Immunizations Front and Center
TMA-backed legislation to ban smoking in certain work and public places appears to be losing ground, but medicine has made headway on a pair of immunization bills. The Senate approved Senate Bill 63 – allowing minors who are pregnant or who already have children to consent to their own immunizations – and Senate Bill 64 – requiring licensed child-care facilities to develop and implement an immunization policy.
Physician leaders oppose Senate Bill 1013 by Sen. Larry Taylor (R-Friendswood) to allow pharmacists to vaccinate children aged 7 years and older. They told the Senate Health and Human Services Committee that passage of the bill would fragment health care delivery, undermine medical homes, and cause children to forego complete medical evaluations. TMA lobbyist Troy Alexander also says recent data show Texas ahead of national averages for child vaccination rates and a better strategy would be to target the gaps.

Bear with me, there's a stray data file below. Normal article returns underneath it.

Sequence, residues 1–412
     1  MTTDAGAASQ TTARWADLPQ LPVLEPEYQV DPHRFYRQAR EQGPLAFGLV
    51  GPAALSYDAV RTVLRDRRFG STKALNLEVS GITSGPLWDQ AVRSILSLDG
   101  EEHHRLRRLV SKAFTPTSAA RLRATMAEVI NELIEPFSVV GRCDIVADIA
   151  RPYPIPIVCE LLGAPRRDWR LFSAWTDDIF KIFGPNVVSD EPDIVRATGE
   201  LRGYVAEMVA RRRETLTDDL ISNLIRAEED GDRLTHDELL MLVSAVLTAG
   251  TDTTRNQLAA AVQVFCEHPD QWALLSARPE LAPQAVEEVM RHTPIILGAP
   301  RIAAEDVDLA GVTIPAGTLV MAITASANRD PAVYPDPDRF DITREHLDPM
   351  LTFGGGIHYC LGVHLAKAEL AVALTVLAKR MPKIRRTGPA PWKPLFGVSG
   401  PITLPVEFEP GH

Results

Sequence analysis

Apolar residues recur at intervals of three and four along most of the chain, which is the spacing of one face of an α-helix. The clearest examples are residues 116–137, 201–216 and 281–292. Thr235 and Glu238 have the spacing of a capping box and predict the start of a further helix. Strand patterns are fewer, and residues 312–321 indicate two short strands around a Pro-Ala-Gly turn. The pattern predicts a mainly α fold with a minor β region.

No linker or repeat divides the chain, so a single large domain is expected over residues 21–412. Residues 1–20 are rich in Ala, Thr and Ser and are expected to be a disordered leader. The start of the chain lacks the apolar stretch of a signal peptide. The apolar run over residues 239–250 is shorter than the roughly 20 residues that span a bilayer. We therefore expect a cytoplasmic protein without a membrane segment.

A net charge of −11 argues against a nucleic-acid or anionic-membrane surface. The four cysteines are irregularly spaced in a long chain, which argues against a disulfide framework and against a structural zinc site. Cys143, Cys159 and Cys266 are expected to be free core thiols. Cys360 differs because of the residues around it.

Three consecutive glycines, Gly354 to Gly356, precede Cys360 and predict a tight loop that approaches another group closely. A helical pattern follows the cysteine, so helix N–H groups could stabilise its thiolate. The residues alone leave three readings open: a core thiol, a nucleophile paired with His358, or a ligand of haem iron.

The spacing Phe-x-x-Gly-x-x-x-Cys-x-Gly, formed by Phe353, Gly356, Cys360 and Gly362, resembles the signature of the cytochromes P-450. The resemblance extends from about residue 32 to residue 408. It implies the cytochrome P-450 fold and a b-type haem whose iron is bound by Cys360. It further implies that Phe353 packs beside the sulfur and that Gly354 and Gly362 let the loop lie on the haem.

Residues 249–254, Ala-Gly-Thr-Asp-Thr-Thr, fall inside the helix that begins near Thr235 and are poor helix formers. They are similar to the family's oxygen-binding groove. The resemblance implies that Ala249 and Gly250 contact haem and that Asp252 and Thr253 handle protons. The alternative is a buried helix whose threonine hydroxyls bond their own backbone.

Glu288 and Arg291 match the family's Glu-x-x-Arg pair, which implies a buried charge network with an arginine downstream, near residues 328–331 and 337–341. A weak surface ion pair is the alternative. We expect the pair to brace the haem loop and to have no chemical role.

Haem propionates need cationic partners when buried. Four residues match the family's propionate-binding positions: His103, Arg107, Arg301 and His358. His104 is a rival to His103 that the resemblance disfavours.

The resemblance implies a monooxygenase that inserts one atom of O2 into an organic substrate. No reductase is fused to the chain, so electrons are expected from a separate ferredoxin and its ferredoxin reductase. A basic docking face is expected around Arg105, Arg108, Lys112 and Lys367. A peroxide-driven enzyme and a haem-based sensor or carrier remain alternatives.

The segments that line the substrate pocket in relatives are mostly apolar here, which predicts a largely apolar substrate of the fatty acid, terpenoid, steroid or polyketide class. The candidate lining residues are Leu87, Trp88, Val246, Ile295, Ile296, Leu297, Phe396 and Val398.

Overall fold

The House and Ways Committee approved legislation – House Bill 1310 by Rep. Angie Chen Button (R-Richardson) – that allows physicians to deduct vaccine purchase costs from taxable revenues. On obesity, the Senate approved Ssenate Bill 684 making the now-required physical fitness assessments for schoolchildren optional. TMA opposes it
TMA supports Senate Bill 303, an end-of-life bill that passed out of committee and is poised for deliberation on the Senate floor. TMA leaders say the legislation protects the current processes under the Texas Advance Directives Act for resolving conflicts out of court. Opponents seek to eliminate the review process, a move that could force doctors to violate their moral beliefs and professional ethics.
Amy Lynn Sorrel, associate editor of Texas Medicine, prepared this special supplement to Action.
Action, April 15, 2013